The other group of retro-transcribing viruses, +ssRNA-RT, tends to present bimodal distributions in all four bases (Figure 1G), as is the case for GC content (Supplementary Figure 1D; Hartigans’ dip test, p-value < 0.01). In Figures 1C,E,F are plotted the remaining single-stranded genomes. Overall, C is the less frequent base, which reflects the process of cytosine deamination which leads to thymine or uracil. This is reinforced by the fact that in ssDNA viruses, T is the most frequent base. In the case of ssRNA viruses, U is the second base in frequency. Furthermore, in these entities, A is the most abundant nucleotide. Taken globally, for all these cases, A and U(T) are the most frequent bases.
As happens in prokaryotes and most parasitic or symbiotic unicellular eukaryotes, for viruses protein-coding regions make up the majority of their genomes. In summary, only 9% (median) of a viral genome is not transcribed and translated. However, these regions are usually highly structured and encode cis-acting elements. Despite this, non-coding and genomic GC display a very high correlation (ρ = 0.86).
In Figure 2 are shown the compositional correlations that hold between GC1 (Figure 2A), GC2 (Figure 2B), and GC3 (Figure 2C) with the non-coding GC content of the corresponding virus. These compositional correlations are, in all cases, positive and highly significant (p-values ≈ 0). The Spearman correlation coefficients between non-coding GC and GC1, GC2, and GC3 are 0.76, 0.77, and 0.77, respectively. Also, they present big differences in the slopes: 0.57 (GC1), 0.41 (GC2), and 1.37 (GC3). The correlations that hold between non-coding regions and GC1, GC2, and GC3 in viruses sorted by Baltimore classification are displayed in Table 3.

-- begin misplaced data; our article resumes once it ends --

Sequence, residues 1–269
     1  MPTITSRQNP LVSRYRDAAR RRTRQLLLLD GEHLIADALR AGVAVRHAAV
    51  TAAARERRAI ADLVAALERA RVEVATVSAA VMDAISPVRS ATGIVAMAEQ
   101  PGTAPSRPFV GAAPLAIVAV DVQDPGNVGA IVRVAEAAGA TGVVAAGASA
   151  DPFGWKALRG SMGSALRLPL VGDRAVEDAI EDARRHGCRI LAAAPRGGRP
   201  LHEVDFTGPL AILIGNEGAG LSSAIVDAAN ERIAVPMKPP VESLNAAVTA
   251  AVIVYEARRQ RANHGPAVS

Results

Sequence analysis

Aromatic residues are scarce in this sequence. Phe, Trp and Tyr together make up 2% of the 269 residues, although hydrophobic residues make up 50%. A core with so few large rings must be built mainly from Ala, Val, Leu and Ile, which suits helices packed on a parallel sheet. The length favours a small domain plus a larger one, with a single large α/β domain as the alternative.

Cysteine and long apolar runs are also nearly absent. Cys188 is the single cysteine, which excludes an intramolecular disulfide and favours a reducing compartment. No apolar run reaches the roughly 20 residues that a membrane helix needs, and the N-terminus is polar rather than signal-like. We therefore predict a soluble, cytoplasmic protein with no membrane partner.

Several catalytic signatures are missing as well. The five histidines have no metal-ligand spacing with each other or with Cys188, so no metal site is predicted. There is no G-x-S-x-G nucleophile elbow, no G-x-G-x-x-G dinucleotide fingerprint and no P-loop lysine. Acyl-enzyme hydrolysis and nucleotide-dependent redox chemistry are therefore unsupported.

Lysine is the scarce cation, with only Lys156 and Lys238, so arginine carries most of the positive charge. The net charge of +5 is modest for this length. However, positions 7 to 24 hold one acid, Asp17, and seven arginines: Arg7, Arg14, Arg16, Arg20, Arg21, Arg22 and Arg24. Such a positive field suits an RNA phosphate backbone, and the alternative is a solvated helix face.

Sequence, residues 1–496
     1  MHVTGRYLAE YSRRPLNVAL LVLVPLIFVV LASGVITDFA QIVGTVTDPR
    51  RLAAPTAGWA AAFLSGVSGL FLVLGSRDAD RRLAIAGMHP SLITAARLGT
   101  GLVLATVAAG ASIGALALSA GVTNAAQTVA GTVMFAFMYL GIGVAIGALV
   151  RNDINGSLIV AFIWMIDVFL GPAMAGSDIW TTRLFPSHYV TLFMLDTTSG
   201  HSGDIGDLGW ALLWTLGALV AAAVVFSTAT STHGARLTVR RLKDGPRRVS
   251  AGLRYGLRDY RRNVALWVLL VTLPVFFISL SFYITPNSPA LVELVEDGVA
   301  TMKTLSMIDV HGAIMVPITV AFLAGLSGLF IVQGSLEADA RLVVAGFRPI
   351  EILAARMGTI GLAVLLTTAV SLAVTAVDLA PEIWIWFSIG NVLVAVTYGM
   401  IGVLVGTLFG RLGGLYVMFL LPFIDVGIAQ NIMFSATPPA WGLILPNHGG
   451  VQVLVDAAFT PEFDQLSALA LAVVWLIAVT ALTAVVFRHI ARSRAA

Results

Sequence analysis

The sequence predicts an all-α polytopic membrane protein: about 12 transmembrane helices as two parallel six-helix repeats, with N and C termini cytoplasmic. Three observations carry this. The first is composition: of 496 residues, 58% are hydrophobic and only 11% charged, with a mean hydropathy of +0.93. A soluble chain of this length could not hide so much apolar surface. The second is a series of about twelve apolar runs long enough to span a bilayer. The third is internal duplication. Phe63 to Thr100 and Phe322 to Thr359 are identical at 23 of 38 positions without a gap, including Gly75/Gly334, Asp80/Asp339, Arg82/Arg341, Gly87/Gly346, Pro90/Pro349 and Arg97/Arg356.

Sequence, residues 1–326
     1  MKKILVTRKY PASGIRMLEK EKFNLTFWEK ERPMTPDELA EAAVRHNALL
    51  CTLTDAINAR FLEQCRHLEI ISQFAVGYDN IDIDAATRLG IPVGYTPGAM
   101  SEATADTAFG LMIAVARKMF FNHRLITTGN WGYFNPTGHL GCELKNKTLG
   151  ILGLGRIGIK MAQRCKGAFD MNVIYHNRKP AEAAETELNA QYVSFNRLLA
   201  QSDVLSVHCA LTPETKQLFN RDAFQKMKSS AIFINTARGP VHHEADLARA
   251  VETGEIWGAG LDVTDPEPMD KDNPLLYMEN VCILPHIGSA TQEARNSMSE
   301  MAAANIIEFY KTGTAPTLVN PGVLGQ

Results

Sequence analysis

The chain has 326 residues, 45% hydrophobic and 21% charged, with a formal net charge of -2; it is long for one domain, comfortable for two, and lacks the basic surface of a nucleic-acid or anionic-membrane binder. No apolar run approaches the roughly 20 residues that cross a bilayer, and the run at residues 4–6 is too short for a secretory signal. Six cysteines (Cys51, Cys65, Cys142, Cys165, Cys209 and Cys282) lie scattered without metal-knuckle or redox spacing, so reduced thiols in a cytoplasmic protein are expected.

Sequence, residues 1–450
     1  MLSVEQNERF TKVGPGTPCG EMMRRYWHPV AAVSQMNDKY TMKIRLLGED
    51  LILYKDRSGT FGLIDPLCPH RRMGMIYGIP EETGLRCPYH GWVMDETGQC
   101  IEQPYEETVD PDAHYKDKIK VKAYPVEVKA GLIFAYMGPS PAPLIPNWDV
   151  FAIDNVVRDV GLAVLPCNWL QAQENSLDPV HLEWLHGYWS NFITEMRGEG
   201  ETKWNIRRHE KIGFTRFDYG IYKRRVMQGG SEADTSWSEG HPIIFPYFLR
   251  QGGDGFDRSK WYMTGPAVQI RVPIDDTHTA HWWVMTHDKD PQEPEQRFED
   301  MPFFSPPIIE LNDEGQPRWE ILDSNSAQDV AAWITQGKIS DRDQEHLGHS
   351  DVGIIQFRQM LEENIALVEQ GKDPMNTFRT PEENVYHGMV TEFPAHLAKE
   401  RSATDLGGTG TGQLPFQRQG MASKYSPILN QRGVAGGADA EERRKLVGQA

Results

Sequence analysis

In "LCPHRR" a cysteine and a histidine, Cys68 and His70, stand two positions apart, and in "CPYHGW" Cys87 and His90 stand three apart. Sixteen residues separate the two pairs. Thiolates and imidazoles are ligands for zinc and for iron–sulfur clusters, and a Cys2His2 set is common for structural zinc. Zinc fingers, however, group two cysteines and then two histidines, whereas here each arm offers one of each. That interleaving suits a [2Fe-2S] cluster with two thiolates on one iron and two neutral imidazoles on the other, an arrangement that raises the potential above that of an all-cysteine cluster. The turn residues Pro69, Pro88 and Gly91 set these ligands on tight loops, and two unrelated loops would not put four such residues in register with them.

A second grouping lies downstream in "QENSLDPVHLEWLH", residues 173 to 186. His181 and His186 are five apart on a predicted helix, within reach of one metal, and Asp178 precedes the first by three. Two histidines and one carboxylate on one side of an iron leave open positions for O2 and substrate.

Figure 2. Association between GC content of non-coding regions and (A) GC1, (B) GC2, and (C) GC3, and the slope and adjusted R2 (adjR2) of the linear regression model (dashed line) for all colored dots (regardless of color).
Table 3. Spearman’s rank correlation coefficients between non-coding regions and GC1, GC2, and GC3, when available within viral genomes, sorted by Baltimore classification group.
Besides these compositional correlations, inherent to each viral genome, it is of great interest to search for putative dependencies with respect to their hosts. This is displayed in Figure 3A which shows that there is a linear correlation of viral GC content in relation to their respective host genomic GC, with a Spearman correlation coefficient of 0.61. Furthermore, the GC content of phages strongly correlates to their host values; see Figure 3B (ρ = 0.89; n = 3,697 host-phage pairs). This holds when considering separately Bacteria (ρ = 0.90, n = 3,629) or Archaea (ρ = 0.81, n = 68). It is interesting to note that most phages display lower GC values than their hosts. This is noticeable in Figure 3B, since a major proportion of blue and purple dots (prokaryotes) are placed below the 1:1 diagonal.
Figure 3. Association between GC content of hosts and that of their infecting viruses for (A) all host-virus pairs, (B) prokaryotic, and (C) eukaryotic, and slope and adjusted R2 (adjR2) of the linear regression model (dashed line) for all colored dots (regardless of color), omitting pairs that do not apply; i.e., gray dots at the background: (B) eukaryotics or (C) prokaryotics.
Contrary to what is provided for prokaryotes, eukaryotic viruses show a very weak correlation between their GC values and that of their hosts; see Figure 3C (ρ = 0.19; n = 4,642 host-virus pairs). This figure represents the relationship of eukaryotes and their viruses, colored by eukaryotic subgroup (i.e., animals, plants, fungi, and protists). No meaningful correlation exist between viruses and animals (ρ = 0.14, n = 2,691) or plants and their viruses (ρ = 0.09, n = 1,672). Conversely, fungi and mycoviruses (i.e., viruses that infect fungi), do present a moderate positive correlation (ρ = 0.43, n = 218). Protists and their viruses exhibit a negative correlation (ρ = −0.48, n = 61), which, although moderate, is a polarizing result.